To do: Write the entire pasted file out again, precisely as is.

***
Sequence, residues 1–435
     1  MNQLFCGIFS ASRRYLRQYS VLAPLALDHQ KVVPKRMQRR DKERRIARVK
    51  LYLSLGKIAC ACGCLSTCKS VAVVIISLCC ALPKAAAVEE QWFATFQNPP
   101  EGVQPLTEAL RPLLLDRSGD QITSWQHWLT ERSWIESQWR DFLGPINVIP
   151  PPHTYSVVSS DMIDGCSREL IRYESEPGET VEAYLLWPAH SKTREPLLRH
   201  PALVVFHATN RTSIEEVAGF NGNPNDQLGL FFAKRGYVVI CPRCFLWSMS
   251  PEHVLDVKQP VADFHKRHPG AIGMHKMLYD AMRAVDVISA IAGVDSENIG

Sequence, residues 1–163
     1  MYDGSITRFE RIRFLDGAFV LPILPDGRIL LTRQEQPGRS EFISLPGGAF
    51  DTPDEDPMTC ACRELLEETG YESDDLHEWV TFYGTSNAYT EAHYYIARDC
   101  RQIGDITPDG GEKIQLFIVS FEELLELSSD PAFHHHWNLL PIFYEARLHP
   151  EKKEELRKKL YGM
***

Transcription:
Sequence, residues 1–435
     1  MNQLFCGIFS ASRRYLRQYS VLAPLALDHQ KVVPKRMQRR DKERRIARVK
    51  LYLSLGKIAC ACGCLSTCKS VAVVIISLCC ALPKAAAVEE QWFATFQNPP
   101  EGVQPLTEAL RPLLLDRSGD QITSWQHWLT ERSWIESQWR DFLGPINVIP
   151  PPHTYSVVSS DMIDGCSREL IRYESEPGET VEAYLLWPAH SKTREPLLRH
   201  PALVVFHATN RTSIEEVAGF NGNPNDQLGL FFAKRGYVVI CPRCFLWSMS
   251  PEHVLDVKQP VADFHKRHPG AIGMHKMLYD AMRAVDVISA IAGVDSENIG

Sequence, residues 1–163
     1  MYDGSITRFE RIRFLDGAFV LPILPDGRIL LTRQEQPGRS EFISLPGGAF
    51  DTPDEDPMTC ACRELLEETG YESDDLHEWV TFYGTSNAYT EAHYYIARDC
   101  RQIGDITPDG GEKIQLFIVS FEELLELSSD PAFHHHWNLL PIFYEARLHP
   151  EKKEELRKKL YGM